Under the No Action alternative, we would not issue a permit, and the applicant would not construct the project. The no-action alternative would not achieve the applicant's objectives and would not allow the development of the project on a District property that is identified as a potential school site on the Mira Mesa Community Land Use Plan Map and “Recommended School Facilities” Map. Under the No Action Alternative, the project site would continue to be subject to impacts from pedestrian, pet and bicycle traffic, which may eventually lead to the extirpation of San Diego fairy shrimp at the site. In addition, no mitigation lands would be restored, enhanced, monitored and managed for the permanent conservation of San Diego fairy shrimp under the no-action alternative.
Environmental Review and Next Steps
As described in our EA, we have made the preliminary determination that approval of the proposed plan and issuance of the permit will not result in any significant impacts to the environment and warrants a Finding of No Significant Impact (FONSI) under NEPA (42 U.S.C. 4321 et seq.), as provided by Federal regulations (40 CFR 1500, 5(k), 1507.3(b)(2), 1508.4) and the Department of the Interior Manual (516 DM 2 and 516 DM 8). Our EA articulates the project's effects on all potential resources that could be adversely affected, including vegetation, wildlife, threatened or endangered species, wetlands, geology and soils, land use, air quality, water resources and water quality, cultural resources, paleontological resources, and traffic and transportation. It also includes an analysis of alternatives and cumulative effects.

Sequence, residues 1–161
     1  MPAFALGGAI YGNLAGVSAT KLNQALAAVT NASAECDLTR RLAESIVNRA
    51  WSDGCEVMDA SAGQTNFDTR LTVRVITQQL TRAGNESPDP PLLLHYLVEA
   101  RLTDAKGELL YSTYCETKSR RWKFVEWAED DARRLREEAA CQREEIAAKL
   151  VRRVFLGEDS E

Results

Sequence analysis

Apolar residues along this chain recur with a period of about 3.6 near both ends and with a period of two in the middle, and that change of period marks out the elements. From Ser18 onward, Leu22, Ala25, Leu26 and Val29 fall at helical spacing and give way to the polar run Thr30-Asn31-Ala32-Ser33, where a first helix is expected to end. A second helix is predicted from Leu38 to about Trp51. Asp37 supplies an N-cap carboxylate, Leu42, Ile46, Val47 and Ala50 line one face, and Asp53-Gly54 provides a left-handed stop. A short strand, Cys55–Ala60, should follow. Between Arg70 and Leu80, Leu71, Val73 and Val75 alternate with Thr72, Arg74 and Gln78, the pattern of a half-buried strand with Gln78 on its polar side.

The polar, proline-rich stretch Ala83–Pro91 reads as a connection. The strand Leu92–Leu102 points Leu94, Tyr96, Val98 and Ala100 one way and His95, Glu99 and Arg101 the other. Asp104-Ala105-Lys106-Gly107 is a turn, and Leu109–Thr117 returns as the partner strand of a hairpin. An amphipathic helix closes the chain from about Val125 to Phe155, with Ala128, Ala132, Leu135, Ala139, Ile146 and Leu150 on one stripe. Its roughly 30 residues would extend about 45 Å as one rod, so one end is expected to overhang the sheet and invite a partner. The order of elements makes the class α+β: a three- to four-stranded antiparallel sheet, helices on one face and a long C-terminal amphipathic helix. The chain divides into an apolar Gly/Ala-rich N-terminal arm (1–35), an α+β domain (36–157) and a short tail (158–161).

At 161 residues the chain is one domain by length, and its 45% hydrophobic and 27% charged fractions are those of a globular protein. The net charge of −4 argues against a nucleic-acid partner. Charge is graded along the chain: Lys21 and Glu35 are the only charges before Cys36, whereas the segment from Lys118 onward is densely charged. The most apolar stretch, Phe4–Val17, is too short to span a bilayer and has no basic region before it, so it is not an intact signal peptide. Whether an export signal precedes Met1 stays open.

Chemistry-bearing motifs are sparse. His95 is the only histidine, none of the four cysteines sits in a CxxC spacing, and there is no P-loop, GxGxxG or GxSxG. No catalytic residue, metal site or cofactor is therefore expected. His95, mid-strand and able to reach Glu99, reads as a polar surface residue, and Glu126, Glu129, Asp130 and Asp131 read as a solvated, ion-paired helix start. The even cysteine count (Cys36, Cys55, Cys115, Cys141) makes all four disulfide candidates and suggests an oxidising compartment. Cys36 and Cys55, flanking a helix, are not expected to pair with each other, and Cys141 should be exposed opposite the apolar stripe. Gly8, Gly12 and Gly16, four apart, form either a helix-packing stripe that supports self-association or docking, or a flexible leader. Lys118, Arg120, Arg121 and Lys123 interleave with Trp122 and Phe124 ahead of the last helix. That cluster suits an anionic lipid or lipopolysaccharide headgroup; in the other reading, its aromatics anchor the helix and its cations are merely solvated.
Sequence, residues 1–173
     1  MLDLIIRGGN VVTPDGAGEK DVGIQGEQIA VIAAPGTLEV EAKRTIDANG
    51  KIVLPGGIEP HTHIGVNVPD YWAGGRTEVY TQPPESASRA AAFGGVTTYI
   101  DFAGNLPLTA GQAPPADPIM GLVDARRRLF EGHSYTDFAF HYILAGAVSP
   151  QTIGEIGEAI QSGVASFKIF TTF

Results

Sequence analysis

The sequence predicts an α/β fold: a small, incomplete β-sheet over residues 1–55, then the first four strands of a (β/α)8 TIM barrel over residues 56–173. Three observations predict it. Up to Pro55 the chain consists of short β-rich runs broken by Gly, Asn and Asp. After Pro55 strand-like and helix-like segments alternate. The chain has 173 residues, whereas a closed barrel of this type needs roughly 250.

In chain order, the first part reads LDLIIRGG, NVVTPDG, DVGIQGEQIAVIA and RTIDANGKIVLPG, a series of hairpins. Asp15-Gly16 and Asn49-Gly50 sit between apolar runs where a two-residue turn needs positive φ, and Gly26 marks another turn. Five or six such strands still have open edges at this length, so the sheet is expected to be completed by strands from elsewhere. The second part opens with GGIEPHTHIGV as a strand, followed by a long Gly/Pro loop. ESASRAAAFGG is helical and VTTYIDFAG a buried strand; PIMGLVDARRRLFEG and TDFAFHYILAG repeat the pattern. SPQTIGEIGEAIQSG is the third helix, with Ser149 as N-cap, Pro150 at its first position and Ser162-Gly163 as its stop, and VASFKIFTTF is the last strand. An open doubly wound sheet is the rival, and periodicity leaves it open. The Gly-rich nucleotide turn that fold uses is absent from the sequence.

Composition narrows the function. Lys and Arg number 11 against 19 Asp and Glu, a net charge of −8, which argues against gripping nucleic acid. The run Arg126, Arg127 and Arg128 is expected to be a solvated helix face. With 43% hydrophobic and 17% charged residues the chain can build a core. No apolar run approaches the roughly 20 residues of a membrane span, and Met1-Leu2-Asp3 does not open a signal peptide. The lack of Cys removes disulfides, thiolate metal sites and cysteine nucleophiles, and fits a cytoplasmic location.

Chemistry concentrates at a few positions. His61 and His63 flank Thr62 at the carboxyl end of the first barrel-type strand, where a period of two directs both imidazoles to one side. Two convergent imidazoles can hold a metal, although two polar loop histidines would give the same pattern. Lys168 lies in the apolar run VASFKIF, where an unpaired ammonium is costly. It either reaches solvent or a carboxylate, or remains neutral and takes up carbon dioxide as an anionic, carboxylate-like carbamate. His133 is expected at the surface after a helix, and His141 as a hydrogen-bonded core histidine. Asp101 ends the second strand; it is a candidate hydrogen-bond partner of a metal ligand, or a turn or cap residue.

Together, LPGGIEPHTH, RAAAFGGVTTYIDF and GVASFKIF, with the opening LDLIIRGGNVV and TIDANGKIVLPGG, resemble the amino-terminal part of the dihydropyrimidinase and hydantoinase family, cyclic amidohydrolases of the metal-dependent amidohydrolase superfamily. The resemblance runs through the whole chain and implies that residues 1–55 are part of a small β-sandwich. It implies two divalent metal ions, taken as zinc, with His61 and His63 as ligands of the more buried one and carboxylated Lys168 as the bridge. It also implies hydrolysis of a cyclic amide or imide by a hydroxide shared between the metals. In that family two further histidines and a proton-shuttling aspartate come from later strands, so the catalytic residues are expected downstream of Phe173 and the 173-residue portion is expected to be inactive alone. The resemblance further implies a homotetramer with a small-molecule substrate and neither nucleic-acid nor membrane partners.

We request data, comments, new information, or suggestions from the public, other concerned governmental agencies, the scientific community, Tribes, industry, or any other interested party on the plan and the draft EA. We particularly seek comments on any environmental issues of concern to the public that should be considered with regard to the proposed development and permit action.